People of color who are underrepresented in multiple sclerosis clinical trials need to be engaged.
The lack of diversity in clinical trials is hurting multiple sclerosis (MS) research, and a new study from Brazil illustrates why it is essential to have every group represented in these trials.
Typically, those who volunteer for clinical trials are middle-aged white women, according to Multiple Sclerosis News Today. Engaging people of color, of both sexes, to be a part of these trials has proven to be difficult.
For the current study, since a majority of the population in Brazil consists of a mix of African and European descent, researchers chose this area because it allowed them to analyze the effects of race in MS disease progression. The results of the study suggest that black men frequently had the worst progression of MS, and how these men respond to disease-modifying therapy (DMT) can differ significantly from the response seen in black women and whites.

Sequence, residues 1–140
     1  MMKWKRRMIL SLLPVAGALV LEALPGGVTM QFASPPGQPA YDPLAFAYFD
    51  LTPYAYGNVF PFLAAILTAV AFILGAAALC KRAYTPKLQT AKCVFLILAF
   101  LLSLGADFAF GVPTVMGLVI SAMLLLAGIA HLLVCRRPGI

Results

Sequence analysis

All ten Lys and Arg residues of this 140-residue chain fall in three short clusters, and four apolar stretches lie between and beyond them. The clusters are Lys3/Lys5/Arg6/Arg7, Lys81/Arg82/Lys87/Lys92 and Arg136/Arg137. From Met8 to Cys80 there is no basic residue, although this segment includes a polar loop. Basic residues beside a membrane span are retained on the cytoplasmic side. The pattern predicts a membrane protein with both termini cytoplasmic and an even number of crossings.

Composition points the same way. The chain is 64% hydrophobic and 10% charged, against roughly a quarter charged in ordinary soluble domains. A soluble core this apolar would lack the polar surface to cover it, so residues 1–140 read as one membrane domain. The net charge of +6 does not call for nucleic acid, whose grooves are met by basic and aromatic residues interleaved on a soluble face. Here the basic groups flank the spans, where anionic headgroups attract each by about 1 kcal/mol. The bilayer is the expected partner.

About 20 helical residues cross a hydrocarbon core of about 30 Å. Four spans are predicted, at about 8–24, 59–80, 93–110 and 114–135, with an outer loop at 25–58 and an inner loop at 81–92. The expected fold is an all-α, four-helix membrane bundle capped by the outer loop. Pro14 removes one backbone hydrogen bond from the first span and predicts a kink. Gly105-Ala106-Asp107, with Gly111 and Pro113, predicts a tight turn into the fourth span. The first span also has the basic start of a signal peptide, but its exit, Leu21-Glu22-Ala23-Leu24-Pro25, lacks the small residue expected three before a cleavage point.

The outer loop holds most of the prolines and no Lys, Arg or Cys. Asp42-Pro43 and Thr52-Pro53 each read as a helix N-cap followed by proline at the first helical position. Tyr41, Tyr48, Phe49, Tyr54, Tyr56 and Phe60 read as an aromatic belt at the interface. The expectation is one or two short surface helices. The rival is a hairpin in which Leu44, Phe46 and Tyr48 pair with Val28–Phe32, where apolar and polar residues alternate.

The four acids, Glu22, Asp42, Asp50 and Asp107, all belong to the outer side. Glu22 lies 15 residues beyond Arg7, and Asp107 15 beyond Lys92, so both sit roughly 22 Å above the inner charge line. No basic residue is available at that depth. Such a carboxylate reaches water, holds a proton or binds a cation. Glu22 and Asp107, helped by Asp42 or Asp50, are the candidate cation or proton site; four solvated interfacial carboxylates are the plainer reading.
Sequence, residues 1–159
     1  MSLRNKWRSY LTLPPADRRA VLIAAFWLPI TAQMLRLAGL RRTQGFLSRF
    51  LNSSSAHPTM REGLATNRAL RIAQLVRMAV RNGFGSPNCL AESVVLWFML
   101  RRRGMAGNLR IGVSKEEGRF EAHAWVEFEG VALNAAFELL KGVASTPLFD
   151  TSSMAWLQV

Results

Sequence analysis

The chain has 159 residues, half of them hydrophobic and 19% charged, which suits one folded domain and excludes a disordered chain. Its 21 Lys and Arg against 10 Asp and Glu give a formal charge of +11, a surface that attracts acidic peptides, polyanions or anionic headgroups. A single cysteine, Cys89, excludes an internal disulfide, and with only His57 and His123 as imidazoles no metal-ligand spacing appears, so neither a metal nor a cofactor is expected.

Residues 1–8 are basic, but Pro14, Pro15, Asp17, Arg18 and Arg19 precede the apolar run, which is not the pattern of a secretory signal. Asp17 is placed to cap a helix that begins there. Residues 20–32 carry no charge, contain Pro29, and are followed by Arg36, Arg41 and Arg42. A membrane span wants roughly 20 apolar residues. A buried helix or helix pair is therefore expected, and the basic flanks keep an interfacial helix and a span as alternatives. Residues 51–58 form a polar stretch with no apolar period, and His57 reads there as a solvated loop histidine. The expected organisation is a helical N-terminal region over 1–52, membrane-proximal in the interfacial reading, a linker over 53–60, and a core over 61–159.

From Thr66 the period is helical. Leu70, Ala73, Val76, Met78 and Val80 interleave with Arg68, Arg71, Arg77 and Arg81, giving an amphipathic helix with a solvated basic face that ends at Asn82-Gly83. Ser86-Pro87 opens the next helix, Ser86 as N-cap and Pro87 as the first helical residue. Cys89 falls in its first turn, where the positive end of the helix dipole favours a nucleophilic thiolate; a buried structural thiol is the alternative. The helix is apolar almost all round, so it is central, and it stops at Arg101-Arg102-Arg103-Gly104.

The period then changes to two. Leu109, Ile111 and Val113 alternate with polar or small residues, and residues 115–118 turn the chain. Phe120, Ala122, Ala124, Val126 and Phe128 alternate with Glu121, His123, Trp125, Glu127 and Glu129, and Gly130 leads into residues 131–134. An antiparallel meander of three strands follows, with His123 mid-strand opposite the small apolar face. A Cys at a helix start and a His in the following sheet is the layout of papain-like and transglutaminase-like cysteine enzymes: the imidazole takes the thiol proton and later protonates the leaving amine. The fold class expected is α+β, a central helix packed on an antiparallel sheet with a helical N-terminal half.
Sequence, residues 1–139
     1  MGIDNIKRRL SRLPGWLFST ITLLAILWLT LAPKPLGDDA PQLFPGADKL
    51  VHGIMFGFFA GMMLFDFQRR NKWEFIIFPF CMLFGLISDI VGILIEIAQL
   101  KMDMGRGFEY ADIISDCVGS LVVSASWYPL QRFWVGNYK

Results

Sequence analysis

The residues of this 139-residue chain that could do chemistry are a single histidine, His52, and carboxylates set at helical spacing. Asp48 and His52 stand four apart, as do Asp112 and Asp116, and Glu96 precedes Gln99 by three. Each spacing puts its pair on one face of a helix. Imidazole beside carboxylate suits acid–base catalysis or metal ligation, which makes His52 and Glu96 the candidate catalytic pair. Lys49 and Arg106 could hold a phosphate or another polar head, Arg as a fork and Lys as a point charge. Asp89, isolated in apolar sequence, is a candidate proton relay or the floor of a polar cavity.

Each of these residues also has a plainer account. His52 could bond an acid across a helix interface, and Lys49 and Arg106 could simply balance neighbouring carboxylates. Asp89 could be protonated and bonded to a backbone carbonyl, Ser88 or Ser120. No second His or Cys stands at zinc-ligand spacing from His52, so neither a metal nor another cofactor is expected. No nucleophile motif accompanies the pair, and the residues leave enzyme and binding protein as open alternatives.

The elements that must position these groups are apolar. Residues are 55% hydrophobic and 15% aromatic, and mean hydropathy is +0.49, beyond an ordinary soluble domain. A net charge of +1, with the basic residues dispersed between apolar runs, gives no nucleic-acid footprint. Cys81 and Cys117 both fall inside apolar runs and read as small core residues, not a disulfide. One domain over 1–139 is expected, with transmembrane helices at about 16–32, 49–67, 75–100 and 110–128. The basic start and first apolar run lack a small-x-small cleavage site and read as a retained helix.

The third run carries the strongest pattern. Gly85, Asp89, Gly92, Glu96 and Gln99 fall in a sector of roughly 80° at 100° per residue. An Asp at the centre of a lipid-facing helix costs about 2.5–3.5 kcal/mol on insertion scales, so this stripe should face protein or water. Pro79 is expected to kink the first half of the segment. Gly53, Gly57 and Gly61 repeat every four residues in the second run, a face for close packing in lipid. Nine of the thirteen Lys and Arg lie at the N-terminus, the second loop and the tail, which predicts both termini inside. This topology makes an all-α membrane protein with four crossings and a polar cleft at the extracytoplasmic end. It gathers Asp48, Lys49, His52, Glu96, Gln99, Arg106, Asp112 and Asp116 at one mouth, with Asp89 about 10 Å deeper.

Overall, those of African descent were found to be an unfavorable factor for all outcomes, which further reinforced the need to take ethnicity into consideration when defining treatment, especially in mixed MS populations.
The findings indicate the importance of why populations that are underrepresented should be engaged, and the need to connect with more black women and, especially, black men; however, answers on how to accomplish this remain unclear.